Published Date Written by Gail OberTILTON — The N.H. Supreme Court has agreed to review a circuit court decision that granted a woman a restraining order against a former Tilton man who allegedly sexually assaulted her in 2006.
10th Circuit Court, Portsmouth Division Judge Sharon DeVries ordered that Kenneth Lahm, 54, formerly of 85 Philbrook Road have no contact with the woman known in court documents as J.K., however, Lahm's attorney James Moir has challenged the decision.
According to DeVries findings, published on September 17, 2012, J.K. provided specific and credible details about her allegedly 2006 assault but had declined to testify against Lahm for fear of retaliation. Because of her fear, J.K. fled the state and didn't return until 2009.
Responding to a Right-To-Know request, Tilton Police this week released a redacted incident report of the 2006 arrest of Lahm that detailed the alleged assault and indicated former Belknap County Attorney Lauren Nother tried to interview J.K. the day after she reported the crime but she said J.K. declined to be interviewed.
Police attempted repeatedly to contact her but on January 9 — six days after she reported the alleged assault — J.K. left a message on the Tilton Police officer's voice mail that she didn't wish to go forward with the case. The charge of forcible rape against Lahm was placed on file and the case is considered closed by Tilton Police.
Since 2006, police records show Lahm has allegedly assaulted three other women, in 2008, 2010 and November 2012. Affidavits filed in the 6th Circuit Court, Franklin Division supporting a search of his home in November of 2012 detail the report filed by his alleged latest victim of her being drugged and held captive in his home for nearly a month. Tilton Police executed a warrant and found cocaine and ketamine along with 51 bottle of pills of medication legally prescribed to him. He is charged with two felony counts of drug possession.
According to the ruling granting the restraining order on September 17, 2012 obtained from the N.H. Supreme Court regarding J.K., investigators working on behalf of Lahm approached her in Rockingham County Superior Court on August 1, 2012 where she had appeared for a minor traffic matter.
The two, identified as retired N.H. State Police Sgt. Douglas Call and Matthew Tinkham, used the assistance of a court security officer and a former colleague to locate and approach J.K. who "mistaken believed (and was led to believe) the investigators were police officers and agreed to meet with them in a conference room."
When asked about "Kevin Lahm" she told the court she felt they were police officers and she shared details of her alleged assault. She said she felt "'caught off guard' and 'blindsided.'"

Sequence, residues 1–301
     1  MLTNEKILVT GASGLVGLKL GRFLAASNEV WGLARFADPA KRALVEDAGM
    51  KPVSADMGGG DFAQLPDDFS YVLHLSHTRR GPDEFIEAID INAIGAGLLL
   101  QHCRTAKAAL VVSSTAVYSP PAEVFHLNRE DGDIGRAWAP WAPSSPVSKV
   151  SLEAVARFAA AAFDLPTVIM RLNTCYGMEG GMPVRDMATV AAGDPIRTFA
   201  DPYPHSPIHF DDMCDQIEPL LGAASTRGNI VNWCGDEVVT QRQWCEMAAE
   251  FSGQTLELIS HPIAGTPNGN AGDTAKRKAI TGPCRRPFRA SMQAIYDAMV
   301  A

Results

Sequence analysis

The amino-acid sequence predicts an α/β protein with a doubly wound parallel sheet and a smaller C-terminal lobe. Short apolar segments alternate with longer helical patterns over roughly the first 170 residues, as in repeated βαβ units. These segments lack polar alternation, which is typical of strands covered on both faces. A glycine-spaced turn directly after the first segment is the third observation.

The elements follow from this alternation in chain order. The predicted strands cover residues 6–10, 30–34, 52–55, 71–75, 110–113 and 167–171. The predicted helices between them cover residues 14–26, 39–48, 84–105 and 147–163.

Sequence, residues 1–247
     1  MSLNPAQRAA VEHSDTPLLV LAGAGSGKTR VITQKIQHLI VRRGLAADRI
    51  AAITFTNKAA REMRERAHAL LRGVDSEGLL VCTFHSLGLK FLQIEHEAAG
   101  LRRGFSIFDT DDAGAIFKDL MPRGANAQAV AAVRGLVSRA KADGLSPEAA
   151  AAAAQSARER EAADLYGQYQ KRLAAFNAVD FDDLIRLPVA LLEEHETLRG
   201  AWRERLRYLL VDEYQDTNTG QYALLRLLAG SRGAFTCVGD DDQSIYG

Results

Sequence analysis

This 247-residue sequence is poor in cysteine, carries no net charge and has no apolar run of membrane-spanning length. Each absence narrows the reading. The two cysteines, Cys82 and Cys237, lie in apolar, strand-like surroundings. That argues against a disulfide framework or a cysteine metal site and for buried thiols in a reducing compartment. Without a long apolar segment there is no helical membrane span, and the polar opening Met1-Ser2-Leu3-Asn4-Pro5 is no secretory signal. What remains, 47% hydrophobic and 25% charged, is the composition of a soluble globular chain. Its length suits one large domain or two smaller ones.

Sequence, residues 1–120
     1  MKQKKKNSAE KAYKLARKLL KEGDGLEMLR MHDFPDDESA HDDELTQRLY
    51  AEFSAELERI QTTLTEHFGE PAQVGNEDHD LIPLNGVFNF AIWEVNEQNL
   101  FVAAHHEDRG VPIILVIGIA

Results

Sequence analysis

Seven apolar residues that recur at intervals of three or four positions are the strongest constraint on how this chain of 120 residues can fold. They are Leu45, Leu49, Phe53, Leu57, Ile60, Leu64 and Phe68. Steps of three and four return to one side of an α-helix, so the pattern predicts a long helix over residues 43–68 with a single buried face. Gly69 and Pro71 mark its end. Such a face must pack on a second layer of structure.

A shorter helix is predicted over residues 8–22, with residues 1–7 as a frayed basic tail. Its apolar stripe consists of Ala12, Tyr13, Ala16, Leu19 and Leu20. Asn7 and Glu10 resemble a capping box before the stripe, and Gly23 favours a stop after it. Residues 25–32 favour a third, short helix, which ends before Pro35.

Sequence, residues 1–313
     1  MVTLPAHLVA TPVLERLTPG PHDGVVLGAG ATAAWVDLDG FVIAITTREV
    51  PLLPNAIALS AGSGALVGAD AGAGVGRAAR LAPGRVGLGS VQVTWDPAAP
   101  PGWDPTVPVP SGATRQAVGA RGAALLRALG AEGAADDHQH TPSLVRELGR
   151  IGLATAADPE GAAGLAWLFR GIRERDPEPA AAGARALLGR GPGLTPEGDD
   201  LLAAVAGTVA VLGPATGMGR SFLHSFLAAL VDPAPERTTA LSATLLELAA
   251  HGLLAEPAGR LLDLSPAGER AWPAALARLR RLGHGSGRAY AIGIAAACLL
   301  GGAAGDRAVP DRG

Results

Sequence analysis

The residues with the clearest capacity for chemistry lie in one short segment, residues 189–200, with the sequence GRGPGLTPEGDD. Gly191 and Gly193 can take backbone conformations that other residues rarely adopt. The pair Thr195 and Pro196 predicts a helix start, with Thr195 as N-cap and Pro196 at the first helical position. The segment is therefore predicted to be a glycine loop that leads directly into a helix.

J.K. said when the investigators finished she realized the were not police officers. She said they left the court house and immediately got on their cell phones. She contacted various police officials who she knew and trusted to try and learn what had just happened.
She learned the investigators worked for Lahm. They had apparently tracked her and learned they would find her at the courthouse. She also learned they had previously gone to her parent's home in Exeter and asked her neighbors where she was. That was when she filed for a restraining order against Lahm and his representatives.
DeVries also determined that Lahm had, at one point after the 2006 alleged assault, entered "without any authority, permission or knowledge of J.K." her uncle's home where she had been staying and stood in their kitchen "in an effort to intimidate her not to testify against him."
Lahm's civil attorney Michael J. Sheehan argued that Lahm was unaware of the investigators and that he, as his attorney in a civil action against the police who had originally prosecuted him, had hired the investigators. He told the court that J.K.'s name came up at a deposition at which Lahm was present and he felt it was his duty to find her so he could adequately represent him.
The civil case Lahm filed against the Tilton Police and Det. Michael Farrington for a 2008 arrest for sexual assault citing malicious prosecution was filed in 2011 and dismissed by Judge James O'Neill last fall. The victim in that case also declined to testify against Lahm.
"The Court finds the contention that Respondent (Lahm) was unaware to be unpersuasive," wrote DeVries granting the restraining order. DeVries also noted there was no evidence of a contract with the investigators detailing how and how much they were paid.
DeVries wrote, "The Plaintiff (J.K.) 6.5 years later, has a palpable fear of the respondent reignited by the encounter with the investigator on 8/1/2012."
"She believes he has the financial ability and emotional constitution to continue to harass her and her family. She has moved on successfully with her life and wants to be free from any continued contact from him or his representatives," continued DeVries, finding that Lahm is a "credible threat to her."
Lahm's criminal attorney, James Moir, filed a motion on September 26, 2012 to reconsider DeVries ruling and it was denied. Moir filed an appeal with the N.H. Supreme Court and in December of 2012 the court agreed to hear the appear.
The Daily Sun has learned Lahm had a different criminal lawyer representing him last week in the 6th Circuit Court, Franklin Division at the probable cause hearing held on the recent drug charges.
Judge Edward "Ned" Gordon found probable cause for the drug arrests and the case will go forward in Belknap County Superior Court.
Tilton Police Chief Robert Cormier said the investigation into the latest alleged assault continues and that he is working with Belknap County Attorney Melissa Guldbrandsen and federal authorities.